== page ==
So, once this ‘Cycling’ process is complete your tank is almost ready to accept some of its fish, but here we must step back and explain the Cycling a little more, the Ammonia starts to build up as a result of Fishes’ excretion which starts to rot down in the water.
So we have to kick-start this by one of two simple methods (there are other ways which involve using household Ammonia but are not recommended for newcomers as it can be very dangerous stuff).
Route one is to do it with a ‘Fishless’ method which involves daily addition of a small amount of Fish Food which will gradually break down, causing an Ammonia build-up.
The other way is to use a couple (or more, but this really depends upon the amount of water volume) of what are known to be ‘hardier’ Fish.
These are lightly fed and their ‘waste’ will have the same effect as the food in the method we mentioned before.
The preferred method is as fishless cycle so that no fish are stressed in the cycling process.
To monitor the progress of the tank during cycling Ammonia, Nitrite and Nitrate need to be measured; all can be tested by using a Water Testing Kit, an essential purchase before you buy any fish.
Firstly you test for Ammonia which will start to rise quite quickly in the first few days of the cycle and then level off and then begin to drop.
This will be the time to start testing for Nitrites which will rise as the first type of bacteria in the filter gets to work.
Over time the Nitrites too will rise, then even out as the second sort of filter bacteria start doing their job turning the Nitrites into Nitrates, now’s the time to start deciding which Fish you would like to start stocking your Aquarium with…but only decide, still don’t get rash and buy anything as you have to get the Nitrates lower still and become stable – but you are on the last leg now.
As mentioned earlier Nitrates are partially dealt with by the plants but you still need to reduce them further by removing 15-20% of tank water once a week, replacing it with the equivalent of fresh water, treated with Water Conditioner and warmed to near the tank temperature with some heated water (use the water from a boiled kettle to bring the new stuff up to near the tank's water temperature).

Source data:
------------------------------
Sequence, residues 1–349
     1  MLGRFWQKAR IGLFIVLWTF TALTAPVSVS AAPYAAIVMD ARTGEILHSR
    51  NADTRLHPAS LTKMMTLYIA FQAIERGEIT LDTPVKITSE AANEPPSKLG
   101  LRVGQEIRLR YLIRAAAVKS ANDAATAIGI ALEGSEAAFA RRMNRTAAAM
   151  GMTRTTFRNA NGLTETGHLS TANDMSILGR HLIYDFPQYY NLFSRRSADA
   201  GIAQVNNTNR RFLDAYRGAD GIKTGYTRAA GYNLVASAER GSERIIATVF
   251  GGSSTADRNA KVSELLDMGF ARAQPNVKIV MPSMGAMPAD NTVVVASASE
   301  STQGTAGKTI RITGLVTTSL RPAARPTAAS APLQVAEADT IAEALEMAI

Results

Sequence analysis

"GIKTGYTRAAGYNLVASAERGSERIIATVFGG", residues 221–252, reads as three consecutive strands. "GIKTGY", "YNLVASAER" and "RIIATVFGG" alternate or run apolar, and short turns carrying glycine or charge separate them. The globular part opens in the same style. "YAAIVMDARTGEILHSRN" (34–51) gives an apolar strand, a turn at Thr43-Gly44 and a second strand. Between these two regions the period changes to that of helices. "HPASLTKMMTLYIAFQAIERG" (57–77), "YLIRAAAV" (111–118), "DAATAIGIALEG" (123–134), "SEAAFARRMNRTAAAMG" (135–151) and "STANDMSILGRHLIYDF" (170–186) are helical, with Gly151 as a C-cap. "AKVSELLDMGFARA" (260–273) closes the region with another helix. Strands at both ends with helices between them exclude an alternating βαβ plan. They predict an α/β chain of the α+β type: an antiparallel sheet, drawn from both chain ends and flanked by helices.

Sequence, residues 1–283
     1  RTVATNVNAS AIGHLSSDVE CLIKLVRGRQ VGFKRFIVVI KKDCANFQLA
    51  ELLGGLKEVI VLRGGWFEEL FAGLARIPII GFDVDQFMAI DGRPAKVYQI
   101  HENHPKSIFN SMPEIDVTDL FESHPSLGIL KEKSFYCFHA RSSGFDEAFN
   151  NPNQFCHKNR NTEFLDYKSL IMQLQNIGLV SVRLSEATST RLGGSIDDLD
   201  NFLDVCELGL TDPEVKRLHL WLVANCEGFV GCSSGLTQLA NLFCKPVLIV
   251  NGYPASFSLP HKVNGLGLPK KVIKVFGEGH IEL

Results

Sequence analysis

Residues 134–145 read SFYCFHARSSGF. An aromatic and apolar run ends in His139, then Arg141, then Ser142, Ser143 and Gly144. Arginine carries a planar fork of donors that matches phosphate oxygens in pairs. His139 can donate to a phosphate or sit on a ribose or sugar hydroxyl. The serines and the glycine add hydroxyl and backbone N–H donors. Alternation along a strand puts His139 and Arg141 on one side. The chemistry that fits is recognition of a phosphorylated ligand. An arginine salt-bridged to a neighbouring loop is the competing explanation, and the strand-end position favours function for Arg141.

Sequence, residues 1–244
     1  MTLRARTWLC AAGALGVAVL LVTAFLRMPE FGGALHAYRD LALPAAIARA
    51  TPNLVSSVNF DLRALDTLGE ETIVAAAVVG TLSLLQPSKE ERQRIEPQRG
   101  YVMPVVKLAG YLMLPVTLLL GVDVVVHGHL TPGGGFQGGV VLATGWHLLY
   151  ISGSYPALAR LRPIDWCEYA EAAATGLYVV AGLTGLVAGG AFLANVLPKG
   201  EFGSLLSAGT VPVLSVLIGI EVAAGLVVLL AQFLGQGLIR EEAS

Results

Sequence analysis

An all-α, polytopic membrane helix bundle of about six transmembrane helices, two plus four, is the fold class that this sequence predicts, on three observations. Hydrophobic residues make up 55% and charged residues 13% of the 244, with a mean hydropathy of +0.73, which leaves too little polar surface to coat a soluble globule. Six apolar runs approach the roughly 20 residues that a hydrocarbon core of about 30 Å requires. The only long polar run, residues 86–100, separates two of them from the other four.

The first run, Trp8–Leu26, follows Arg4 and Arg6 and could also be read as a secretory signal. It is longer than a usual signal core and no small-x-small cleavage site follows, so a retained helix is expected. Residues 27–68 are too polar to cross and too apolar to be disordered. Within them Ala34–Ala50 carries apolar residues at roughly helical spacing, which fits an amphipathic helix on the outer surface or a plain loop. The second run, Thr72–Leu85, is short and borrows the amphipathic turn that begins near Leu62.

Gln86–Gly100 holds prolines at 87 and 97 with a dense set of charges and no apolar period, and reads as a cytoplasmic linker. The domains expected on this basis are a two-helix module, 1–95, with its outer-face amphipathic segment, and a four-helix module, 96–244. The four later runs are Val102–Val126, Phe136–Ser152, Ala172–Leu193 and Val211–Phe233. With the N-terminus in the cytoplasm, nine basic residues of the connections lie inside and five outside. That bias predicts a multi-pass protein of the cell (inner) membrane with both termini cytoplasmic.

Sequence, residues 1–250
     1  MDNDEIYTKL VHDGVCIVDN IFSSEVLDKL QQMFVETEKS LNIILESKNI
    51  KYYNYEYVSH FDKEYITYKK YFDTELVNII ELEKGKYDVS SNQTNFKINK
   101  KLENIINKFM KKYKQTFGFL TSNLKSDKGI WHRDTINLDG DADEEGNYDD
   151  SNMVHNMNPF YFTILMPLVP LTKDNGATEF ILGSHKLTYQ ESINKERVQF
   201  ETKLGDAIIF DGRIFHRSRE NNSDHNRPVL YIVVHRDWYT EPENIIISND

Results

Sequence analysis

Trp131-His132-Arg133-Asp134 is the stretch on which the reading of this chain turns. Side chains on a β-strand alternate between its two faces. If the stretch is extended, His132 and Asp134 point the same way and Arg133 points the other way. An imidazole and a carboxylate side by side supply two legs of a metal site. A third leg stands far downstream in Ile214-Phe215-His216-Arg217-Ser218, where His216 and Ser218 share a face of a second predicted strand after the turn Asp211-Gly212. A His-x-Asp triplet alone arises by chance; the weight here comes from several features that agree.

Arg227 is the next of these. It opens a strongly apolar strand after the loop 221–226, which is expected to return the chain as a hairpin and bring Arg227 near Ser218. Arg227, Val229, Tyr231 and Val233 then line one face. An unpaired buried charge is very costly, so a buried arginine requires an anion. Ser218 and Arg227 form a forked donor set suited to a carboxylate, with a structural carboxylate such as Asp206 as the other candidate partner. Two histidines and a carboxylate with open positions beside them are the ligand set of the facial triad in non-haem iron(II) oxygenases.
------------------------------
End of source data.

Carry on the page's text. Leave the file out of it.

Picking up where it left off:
There are other things to be thinking about – but that, more or less, is a simplified explanation of what you will need to do before you can start adding your Fish to the Tank.
Your stocking levels must be built up gradually over a period of weeks as more fish equals more waste and the bacteria levels will only grow to the amounts of feed (fish waste) available to them, but as we have seen already, they need time to build up their numbers, if too much Ammonia suddenly builds up it creates an overload which cannot be dealt with and creates what is known as an ‘Ammonia Spike’…the whole process crashes and has to start over again, which defeats the object of the ‘Cycling’ in the first place, not to mention the possible and likely disastrous effect it will have on your Fish.
So, easy does it.
A couple of afterthoughts, your filter must be on twenty-four hours a day, but they are very economical on electricity and quiet.
Your heater will be fitted with a thermostat which only operates the heating element until the water reaches a pre-set temperature.
For a normal community tank the temperature should be set to 75F.
It is best to keep your aquarium light on for ten to twelve hours a day, you will need to experiment, too much light will lead to the build-up of too much algae.
It is very important that one person within the family is given the job of being the ‘Fish-Feeder’ (although this job an be taken in turns, but only one at a time) and it is made clear to the rest of the family that no more food can be given, too often others will be tempted to sprinkle in ‘just a little’ and although the fish will probably eat this too there is a limit to how much they can actually digest and gain benefit from and excess food or fish waste will put the filter under pressure to deal with the excess waste and can lead to an "Ammonia Spike" as mentioned before.
Different foods from different makers have different advice on how much is to be fed daily, follow the advice given.
Always remember that the people in your local Fish Shop are there to help and advise you, don’t hesitate to ask them any questions and join the Irish Tropical Fish Society’s internet Forum: www.irishfishkeepers.com.
There are lots of experienced Fish-Keepers there who will be able to answer any questions you have.
The Forum is free and anyone can join and read the articles,join in and ask questions, but if you're reading this, you will have already discovered the Forum, so join up and join in.
You can also join the Irish Tropical Fish Society which meets once a month upstairs in Rosie O'Grady's in Harold's Cross at 8:30pm - the second Tuesday of every month.
Club membership includes a membership card which entitles you to discounts in many, if not all, aquatic shops.
We look forward to meeting you online or at a meeting in Harold's Cross.
The I.T.F.S. is a voluntary, non-profit society run by hobbyists for hobbyists.